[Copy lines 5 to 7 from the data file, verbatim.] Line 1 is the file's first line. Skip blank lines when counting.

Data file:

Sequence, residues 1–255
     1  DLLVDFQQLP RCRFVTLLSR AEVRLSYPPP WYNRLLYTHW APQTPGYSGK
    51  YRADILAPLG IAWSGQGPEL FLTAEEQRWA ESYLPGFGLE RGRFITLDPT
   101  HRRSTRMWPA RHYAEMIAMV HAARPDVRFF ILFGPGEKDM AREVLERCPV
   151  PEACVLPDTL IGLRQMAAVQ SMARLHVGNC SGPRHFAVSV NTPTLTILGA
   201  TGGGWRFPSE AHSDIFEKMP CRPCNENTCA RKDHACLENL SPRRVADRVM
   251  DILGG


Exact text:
   151  PEACVLPDTL IGLRQMAAVQ SMARLHVGNC SGPRHFAVSV NTPTLTILGA
   201  TGGGWRFPSE AHSDIFEKMP CRPCNENTCA RKDHACLENL SPRRVADRVM
   251  DILGG